I’d like to thank my parents. When I was 3, my parents and I immigrated to this country from China. We came with hardly anything. It is through their extreme hard work that I was able to pursue my dreams and have the life that I have right now.

I’d also like to thank my wife. She is always diligent and supportive of our family, and encourages us to become our best, authentic selves. Our family continues to thrive because of the sacrifices that she makes.

What do you do for fun?

I have a 5-year-old and really enjoy being a dad. I love seeing things from his perspective.

I also enjoy traveling and cooking many different foods. I make some pretty good pasta sauce, and after years of tweaking my fried rice recipe, I think I’ve found the key to a delicious one. My wife, who is of Colombian heritage, is also teaching me how to cook Colombian food.

What is your “six-word memoir”? A six-word memoir describes something in just six words.

Be kind and do great things.

By Elizabeth M. Jarrell
NASA’s Goddard Space Flight Center, Greenbelt, Md.

Conversations With Goddard is a collection of Q&A profiles highlighting the breadth and depth of NASA’s Goddard Space Flight Center’s talented and diverse workforce. The Conversations have been published twice a month on average since May 2011. Read past editions on Goddard’s “Our People” webpage.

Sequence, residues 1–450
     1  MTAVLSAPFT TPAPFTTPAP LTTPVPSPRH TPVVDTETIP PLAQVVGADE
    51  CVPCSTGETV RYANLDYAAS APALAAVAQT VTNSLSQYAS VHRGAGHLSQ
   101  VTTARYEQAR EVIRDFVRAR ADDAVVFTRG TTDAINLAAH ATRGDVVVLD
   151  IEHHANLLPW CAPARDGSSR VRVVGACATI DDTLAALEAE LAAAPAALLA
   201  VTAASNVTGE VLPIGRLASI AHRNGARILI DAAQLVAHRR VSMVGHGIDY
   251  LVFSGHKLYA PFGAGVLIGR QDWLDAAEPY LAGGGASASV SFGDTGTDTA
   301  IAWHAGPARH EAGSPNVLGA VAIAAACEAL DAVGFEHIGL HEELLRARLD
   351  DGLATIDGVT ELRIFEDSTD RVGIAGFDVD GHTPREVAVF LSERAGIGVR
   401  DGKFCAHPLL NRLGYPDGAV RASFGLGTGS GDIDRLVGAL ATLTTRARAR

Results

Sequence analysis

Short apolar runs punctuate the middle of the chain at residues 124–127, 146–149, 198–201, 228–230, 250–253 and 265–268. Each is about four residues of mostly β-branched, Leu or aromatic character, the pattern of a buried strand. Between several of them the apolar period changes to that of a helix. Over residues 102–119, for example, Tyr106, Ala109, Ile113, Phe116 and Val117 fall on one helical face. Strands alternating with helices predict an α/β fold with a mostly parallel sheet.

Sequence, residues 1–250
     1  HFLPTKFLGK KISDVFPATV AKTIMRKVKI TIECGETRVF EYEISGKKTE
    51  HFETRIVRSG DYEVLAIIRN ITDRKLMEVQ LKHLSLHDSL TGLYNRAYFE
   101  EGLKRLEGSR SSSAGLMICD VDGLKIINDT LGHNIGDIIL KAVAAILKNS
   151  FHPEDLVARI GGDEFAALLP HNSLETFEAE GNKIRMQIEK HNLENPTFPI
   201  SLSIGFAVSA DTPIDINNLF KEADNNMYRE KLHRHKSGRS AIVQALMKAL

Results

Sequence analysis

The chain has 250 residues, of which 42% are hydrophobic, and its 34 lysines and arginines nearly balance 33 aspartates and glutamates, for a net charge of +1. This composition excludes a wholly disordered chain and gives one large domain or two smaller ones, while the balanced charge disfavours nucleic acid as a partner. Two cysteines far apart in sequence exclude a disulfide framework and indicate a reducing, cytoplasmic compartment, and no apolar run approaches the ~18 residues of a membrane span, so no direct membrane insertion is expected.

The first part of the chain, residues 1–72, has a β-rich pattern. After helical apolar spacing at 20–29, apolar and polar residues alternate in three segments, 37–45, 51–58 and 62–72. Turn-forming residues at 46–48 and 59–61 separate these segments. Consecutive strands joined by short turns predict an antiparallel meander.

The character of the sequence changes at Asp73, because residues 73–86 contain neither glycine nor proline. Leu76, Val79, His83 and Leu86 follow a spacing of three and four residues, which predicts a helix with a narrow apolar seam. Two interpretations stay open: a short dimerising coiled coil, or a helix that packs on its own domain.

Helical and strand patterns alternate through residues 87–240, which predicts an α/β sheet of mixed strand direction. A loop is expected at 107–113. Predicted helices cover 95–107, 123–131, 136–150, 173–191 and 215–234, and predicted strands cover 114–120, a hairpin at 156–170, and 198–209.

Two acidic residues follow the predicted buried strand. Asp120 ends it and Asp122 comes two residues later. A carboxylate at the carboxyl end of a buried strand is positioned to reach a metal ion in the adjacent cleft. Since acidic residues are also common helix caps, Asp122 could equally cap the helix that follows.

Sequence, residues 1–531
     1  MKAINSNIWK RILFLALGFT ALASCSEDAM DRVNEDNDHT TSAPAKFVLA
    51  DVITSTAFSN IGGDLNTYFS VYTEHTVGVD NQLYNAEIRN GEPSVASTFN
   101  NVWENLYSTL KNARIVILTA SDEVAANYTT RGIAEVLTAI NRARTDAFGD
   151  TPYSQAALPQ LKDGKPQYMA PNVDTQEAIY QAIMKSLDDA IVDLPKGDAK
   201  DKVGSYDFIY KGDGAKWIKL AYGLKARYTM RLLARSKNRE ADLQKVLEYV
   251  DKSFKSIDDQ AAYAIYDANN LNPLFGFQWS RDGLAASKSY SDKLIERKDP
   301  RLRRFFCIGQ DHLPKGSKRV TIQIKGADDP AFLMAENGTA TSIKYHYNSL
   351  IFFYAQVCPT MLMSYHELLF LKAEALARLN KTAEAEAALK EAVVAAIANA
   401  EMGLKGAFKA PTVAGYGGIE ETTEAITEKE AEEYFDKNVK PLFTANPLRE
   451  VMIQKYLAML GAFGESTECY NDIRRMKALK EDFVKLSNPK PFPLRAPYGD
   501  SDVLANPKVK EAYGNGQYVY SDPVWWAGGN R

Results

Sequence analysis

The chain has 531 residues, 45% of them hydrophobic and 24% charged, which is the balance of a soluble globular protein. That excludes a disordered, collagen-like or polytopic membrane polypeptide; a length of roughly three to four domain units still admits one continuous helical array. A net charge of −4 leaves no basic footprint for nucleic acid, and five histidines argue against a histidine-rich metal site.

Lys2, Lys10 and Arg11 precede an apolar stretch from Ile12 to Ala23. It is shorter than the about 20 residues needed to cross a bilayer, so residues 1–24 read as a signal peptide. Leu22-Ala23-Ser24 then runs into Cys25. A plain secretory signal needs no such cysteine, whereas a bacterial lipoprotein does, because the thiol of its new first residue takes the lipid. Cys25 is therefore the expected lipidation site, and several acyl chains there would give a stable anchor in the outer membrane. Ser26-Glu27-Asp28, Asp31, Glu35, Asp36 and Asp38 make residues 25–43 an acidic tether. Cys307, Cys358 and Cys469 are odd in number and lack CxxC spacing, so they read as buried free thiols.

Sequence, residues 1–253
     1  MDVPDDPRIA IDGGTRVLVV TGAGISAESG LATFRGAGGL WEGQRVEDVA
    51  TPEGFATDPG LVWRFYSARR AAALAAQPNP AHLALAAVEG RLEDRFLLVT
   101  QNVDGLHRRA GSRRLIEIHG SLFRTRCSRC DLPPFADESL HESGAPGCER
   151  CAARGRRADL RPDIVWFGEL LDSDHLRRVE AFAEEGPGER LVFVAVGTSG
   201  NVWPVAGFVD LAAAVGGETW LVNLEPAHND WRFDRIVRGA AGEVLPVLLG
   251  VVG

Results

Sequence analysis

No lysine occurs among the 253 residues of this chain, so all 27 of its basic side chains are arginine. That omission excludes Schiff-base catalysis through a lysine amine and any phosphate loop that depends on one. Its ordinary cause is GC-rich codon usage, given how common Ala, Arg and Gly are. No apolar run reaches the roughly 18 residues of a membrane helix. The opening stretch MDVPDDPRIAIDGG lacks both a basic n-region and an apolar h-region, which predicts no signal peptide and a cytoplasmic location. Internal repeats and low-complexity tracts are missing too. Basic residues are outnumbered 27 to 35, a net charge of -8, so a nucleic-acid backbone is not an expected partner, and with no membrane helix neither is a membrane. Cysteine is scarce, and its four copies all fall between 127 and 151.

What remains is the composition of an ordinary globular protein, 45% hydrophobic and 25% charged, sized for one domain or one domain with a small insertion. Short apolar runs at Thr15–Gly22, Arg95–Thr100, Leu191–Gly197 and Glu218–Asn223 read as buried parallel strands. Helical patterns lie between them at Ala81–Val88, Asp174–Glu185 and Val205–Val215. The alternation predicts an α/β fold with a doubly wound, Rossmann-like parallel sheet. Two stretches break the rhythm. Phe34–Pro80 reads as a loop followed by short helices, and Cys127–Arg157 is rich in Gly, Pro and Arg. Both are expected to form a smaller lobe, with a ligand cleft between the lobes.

Share Details Last Updated May 21, 2024 EditorMadison OlsonContactRob Garnerrob.garner@nasa.govLocationGoddard Space Flight Center Related Terms Explore More 10 min read Ken Carpenter: Ensuring Top-Tier Science from Moon to Stars Article 2 weeks ago 6 min read Kiyun Kim: From Intern to Accessibility Advocate Article 4 weeks ago 6 min read Kate A. McGinnis: Ready to “Go” with PACE Testing Article 1 month ago
Categories: NASA

NASA Glenn Joins COSI’s Big Science Celebration

NASA - Breaking News - Tue, 05/21/2024 - 1:53pm

1 min read

Preparations for Next Moonwalk Simulations Underway (and Underwater) NASA Glenn’s Dennis Stocker explains microgravity research aboard the International Space Station. He was one of several experts who shared information on NASA science during COSI’s Big Science Celebration. Credit: NASA/John Oldham 

NASA’s Glenn Research Center joined Center for Science and Industry, or COSI’s, Big Science Celebration event on the museum’s front lawn in Columbus, Ohio, on May 4. This event was centered around STEM careers and building a diverse STEM workforce by exposing individuals to science and technology where they live, learn, and lounge. Glenn experts shared information on the Power and Propulsion Element for NASA’s Gateway lunar outpost, interactives from Glenn’s Graphics and Visualization Lab, details about internships and careers, and spinoff technologies that benefit the public.